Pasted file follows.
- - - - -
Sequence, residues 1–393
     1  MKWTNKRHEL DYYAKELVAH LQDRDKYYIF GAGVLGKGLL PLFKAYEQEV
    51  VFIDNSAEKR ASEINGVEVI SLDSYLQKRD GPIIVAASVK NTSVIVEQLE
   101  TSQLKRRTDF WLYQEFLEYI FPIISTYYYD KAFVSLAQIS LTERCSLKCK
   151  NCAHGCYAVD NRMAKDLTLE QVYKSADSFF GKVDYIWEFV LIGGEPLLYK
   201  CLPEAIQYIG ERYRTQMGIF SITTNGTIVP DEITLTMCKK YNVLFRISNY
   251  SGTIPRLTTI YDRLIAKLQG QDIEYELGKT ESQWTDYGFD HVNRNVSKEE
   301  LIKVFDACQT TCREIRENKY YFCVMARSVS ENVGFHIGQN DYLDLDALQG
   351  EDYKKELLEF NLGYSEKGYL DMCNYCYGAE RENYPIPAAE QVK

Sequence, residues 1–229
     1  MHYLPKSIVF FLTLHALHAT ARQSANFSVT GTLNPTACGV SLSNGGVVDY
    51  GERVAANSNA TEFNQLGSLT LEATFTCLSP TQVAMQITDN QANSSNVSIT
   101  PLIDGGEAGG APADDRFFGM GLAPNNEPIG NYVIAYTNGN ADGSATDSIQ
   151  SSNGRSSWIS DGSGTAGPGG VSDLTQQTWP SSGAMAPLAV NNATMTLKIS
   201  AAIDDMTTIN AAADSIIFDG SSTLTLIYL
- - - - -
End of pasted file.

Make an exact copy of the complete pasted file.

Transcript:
Sequence, residues 1–393
     1  MKWTNKRHEL DYYAKELVAH LQDRDKYYIF GAGVLGKGLL PLFKAYEQEV
    51  VFIDNSAEKR ASEINGVEVI SLDSYLQKRD GPIIVAASVK NTSVIVEQLE
   101  TSQLKRRTDF WLYQEFLEYI FPIISTYYYD KAFVSLAQIS LTERCSLKCK
   151  NCAHGCYAVD NRMAKDLTLE QVYKSADSFF GKVDYIWEFV LIGGEPLLYK
   201  CLPEAIQYIG ERYRTQMGIF SITTNGTIVP DEITLTMCKK YNVLFRISNY
   251  SGTIPRLTTI YDRLIAKLQG QDIEYELGKT ESQWTDYGFD HVNRNVSKEE
   301  LIKVFDACQT TCREIRENKY YFCVMARSVS ENVGFHIGQN DYLDLDALQG
   351  EDYKKELLEF NLGYSEKGYL DMCNYCYGAE RENYPIPAAE QVK

Sequence, residues 1–229
     1  MHYLPKSIVF FLTLHALHAT ARQSANFSVT GTLNPTACGV SLSNGGVVDY
    51  GERVAANSNA TEFNQLGSLT LEATFTCLSP TQVAMQITDN QANSSNVSIT
   101  PLIDGGEAGG APADDRFFGM GLAPNNEPIG NYVIAYTNGN ADGSATDSIQ
   151  SSNGRSSWIS DGSGTAGPGG VSDLTQQTWP SSGAMAPLAV NNATMTLKIS
   201  AAIDDMTTIN AAADSIIFDG SSTLTLIYL